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Last Updated: Friday, 12 December, 2003, 11:37 GMT
Uranium bug has power potential
Geobacter sulfurreducens, University of Massachusetts
The biochemical tricks of Geobacter sulfurreducens are revealed
US scientists have decoded and analysed the genome of a bacterium which could help clear up radioactive waste and possibly even generate electricity.

The Geobacter species has genes that allow it to convert uranium and other radionuclides dissolved in water to solid compounds that can be extracted.

Its ability to manipulate electrons in metals could form the basis of a bio-battery, the US Energy Department says.

The genetic research on the bug is reported in the journal Science.

The organism, called Geobacter sulfurreducens, was found in a soil sample in Oklahoma that was contaminated by hydrocarbons - the breakdown products of fossil fuel combustion.

Researchers at The Institute for Genomic Research (Tigr) and the University of Massachusetts, Amherst, tell Science the bacterium has extraordinary capabilities.

Sense and move

The Massachusetts workers have previously shown that Geobacter species can precipitate a wide range of radionuclides and metals (including uranium, technetium and chromium) from groundwater, preventing them from migrating to wells or rivers where they may pose a risk to humans and the environment.

Now, the genomic research has given some insights into how this is possible.

Groundwater test, University of Massachusetts
The team has already shown how the bug can remove uranium from groundwater
G. sulfurreducens has 100 or more genes that appear to encode for various forms of c-type cytochromes. These are proteins that help move electrons back and forth.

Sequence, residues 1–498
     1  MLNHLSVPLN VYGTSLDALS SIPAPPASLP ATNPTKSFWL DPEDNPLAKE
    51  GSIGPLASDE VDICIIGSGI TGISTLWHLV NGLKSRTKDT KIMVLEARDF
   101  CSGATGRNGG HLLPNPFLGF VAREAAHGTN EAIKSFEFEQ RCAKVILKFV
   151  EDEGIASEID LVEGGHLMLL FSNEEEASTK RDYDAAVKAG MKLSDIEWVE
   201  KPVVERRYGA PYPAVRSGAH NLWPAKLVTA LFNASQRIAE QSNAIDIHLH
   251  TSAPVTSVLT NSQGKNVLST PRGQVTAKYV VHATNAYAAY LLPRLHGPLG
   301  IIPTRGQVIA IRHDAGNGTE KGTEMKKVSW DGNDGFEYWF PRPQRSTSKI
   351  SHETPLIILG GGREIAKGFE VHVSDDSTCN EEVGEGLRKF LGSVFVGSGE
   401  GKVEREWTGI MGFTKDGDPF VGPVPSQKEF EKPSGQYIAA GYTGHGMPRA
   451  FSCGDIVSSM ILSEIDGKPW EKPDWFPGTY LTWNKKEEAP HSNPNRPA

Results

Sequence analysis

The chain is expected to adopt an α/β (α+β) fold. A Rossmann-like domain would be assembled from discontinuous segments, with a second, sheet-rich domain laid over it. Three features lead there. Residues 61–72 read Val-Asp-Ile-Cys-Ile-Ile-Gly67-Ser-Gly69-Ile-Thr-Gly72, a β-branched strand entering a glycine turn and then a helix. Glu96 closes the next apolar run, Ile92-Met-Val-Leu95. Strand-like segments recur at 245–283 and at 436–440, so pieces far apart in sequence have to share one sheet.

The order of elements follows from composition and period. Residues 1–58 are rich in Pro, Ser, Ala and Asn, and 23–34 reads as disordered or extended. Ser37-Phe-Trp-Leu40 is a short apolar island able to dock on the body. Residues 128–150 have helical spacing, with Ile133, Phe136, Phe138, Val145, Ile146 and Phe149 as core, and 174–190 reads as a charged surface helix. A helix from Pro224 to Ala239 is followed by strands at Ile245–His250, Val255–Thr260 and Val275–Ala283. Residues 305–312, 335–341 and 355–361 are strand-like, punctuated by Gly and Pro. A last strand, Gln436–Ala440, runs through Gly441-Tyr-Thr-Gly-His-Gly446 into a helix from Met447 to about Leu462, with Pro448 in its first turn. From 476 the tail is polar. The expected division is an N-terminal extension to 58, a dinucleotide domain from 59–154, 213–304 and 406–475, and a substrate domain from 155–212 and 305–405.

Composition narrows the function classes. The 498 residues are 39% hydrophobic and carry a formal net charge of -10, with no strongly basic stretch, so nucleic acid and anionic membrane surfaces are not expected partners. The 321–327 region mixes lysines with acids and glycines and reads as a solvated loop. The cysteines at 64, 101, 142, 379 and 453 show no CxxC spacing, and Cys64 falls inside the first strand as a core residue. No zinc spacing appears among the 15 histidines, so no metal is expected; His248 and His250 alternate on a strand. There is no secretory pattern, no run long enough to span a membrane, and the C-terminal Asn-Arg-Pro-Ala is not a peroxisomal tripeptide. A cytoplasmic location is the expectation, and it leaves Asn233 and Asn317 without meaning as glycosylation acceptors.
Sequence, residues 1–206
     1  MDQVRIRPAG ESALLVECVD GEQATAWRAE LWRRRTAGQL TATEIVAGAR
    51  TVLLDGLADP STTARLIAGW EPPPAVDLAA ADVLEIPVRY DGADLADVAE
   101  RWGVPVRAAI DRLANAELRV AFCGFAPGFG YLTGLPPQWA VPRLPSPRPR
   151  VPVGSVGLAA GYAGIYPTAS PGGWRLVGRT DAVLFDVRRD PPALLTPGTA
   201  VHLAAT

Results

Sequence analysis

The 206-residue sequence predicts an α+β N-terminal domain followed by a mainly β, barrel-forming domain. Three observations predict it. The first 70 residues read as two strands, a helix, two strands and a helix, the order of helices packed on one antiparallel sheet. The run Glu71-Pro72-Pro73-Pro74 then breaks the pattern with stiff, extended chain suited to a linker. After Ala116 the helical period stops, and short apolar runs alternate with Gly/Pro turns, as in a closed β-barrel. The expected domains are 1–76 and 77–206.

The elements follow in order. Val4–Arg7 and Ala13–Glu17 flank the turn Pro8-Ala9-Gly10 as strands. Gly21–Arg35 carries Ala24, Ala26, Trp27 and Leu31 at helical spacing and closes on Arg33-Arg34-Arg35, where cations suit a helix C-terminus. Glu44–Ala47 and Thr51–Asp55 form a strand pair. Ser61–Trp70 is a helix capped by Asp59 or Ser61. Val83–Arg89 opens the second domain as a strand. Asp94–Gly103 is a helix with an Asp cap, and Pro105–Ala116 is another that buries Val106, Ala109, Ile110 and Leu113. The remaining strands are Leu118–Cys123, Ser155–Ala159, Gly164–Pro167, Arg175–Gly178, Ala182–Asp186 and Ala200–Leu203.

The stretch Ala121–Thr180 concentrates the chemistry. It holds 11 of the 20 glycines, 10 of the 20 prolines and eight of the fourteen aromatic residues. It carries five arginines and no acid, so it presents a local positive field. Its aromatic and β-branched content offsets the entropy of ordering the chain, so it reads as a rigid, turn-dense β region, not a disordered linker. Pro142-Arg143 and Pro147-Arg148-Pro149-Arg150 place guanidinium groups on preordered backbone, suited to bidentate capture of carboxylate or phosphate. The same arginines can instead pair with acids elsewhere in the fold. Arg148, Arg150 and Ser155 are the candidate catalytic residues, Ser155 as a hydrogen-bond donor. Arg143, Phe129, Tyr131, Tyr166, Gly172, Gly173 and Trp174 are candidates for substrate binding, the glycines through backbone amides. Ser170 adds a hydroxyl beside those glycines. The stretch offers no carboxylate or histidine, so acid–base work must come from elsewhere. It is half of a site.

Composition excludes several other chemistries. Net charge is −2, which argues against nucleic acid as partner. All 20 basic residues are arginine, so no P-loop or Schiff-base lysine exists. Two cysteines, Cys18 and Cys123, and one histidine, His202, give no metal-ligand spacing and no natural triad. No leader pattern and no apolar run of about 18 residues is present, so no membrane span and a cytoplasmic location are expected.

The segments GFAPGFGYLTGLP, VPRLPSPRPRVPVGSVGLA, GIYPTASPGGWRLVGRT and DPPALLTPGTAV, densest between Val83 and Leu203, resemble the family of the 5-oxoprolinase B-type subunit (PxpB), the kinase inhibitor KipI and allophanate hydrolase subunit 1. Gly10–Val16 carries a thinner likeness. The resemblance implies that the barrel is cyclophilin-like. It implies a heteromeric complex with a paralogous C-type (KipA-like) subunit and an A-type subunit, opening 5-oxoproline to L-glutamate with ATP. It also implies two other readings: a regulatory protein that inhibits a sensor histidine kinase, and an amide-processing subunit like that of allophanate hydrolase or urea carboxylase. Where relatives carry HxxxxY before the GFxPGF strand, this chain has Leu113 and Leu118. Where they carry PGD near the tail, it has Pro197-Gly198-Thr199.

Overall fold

They enable G. sulfurreducens to "reduce" metal ions - in essence adding electrons to positively charged metal atoms so that they become insoluble in water and precipitate as part of solid compounds.

These compounds are then more easily removed.

Small charges of electricity are also created through the reduction process and this has raised the possibility that Geobacter could form part of a bio-battery.

"We've provided a comprehensive picture that has led to fundamental changes in how scientists evaluate this microbe," said Barbara Methe, the Tigr researcher who led the genome project and is the first author of the Science paper.

"Research based on genome data has shown that this microbe can sense and move towards metallic substances, and in some cases can survive in environments with oxygen."

G. sulfurreducens was previously thought to be an anaerobic organism.

Nature's 'toolbox'

Massachusetts co-worker, Derek Lovley, who discovered the Geobacter group of bacteria, said: "Sequencing the genome of G. sulfurreducens has radically changed our concepts of how this organism functions in subsurface environments."

The genome analysis, he said, "revealed previously unsuspected physiological properties" of the bacterium and also gave scientists insight into the metabolic mechanisms that the organism uses to harvest energy from the environment.

"The genome of this tiny micro-organism may help us to address some of our most difficult cleanup problems and to generate power through biologically-based energy sources," Secretary of Energy Spencer Abraham said.

"Geobacter is an important part of Nature's toolbox for meeting environmental and energy challenges.

"This genome sequence and the additional research that it makes possible may lead to new strategies and biotechnologies for cleaning up groundwater at Department of Energy and at industry sites."

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